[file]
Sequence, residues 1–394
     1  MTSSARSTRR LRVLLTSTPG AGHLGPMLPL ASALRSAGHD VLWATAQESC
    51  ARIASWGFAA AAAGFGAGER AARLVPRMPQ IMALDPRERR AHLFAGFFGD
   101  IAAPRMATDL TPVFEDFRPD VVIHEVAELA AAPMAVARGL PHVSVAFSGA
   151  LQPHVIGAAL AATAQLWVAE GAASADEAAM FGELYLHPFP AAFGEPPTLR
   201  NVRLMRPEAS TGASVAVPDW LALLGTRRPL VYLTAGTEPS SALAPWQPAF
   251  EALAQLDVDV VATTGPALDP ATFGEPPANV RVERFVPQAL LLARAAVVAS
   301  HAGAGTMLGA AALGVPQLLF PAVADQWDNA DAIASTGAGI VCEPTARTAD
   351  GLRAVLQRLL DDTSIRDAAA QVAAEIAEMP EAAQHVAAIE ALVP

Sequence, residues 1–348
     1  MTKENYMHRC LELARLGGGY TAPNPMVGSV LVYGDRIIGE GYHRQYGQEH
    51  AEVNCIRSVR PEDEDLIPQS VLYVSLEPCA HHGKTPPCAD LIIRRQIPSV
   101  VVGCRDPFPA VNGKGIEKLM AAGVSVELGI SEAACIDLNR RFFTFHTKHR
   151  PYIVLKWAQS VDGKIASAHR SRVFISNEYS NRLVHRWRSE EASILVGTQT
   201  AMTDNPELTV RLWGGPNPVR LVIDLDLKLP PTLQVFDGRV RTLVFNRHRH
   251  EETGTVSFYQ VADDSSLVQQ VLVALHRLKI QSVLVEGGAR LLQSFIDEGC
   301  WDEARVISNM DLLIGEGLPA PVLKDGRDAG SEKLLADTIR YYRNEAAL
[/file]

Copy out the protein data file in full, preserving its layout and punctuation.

Sequence, residues 1–394
     1  MTSSARSTRR LRVLLTSTPG AGHLGPMLPL ASALRSAGHD VLWATAQESC
    51  ARIASWGFAA AAAGFGAGER AARLVPRMPQ IMALDPRERR AHLFAGFFGD
   101  IAAPRMATDL TPVFEDFRPD VVIHEVAELA AAPMAVARGL PHVSVAFSGA
   151  LQPHVIGAAL AATAQLWVAE GAASADEAAM FGELYLHPFP AAFGEPPTLR
   201  NVRLMRPEAS TGASVAVPDW LALLGTRRPL VYLTAGTEPS SALAPWQPAF
   251  EALAQLDVDV VATTGPALDP ATFGEPPANV RVERFVPQAL LLARAAVVAS
   301  HAGAGTMLGA AALGVPQLLF PAVADQWDNA DAIASTGAGI VCEPTARTAD
   351  GLRAVLQRLL DDTSIRDAAA QVAAEIAEMP EAAQHVAAIE ALVP

Sequence, residues 1–348
     1  MTKENYMHRC LELARLGGGY TAPNPMVGSV LVYGDRIIGE GYHRQYGQEH
    51  AEVNCIRSVR PEDEDLIPQS VLYVSLEPCA HHGKTPPCAD LIIRRQIPSV
   101  VVGCRDPFPA VNGKGIEKLM AAGVSVELGI SEAACIDLNR RFFTFHTKHR
   151  PYIVLKWAQS VDGKIASAHR SRVFISNEYS NRLVHRWRSE EASILVGTQT
   201  AMTDNPELTV RLWGGPNPVR LVIDLDLKLP PTLQVFDGRV RTLVFNRHRH
   251  EETGTVSFYQ VADDSSLVQQ VLVALHRLKI QSVLVEGGAR LLQSFIDEGC
   301  WDEARVISNM DLLIGEGLPA PVLKDGRDAG SEKLLADTIR YYRNEAAL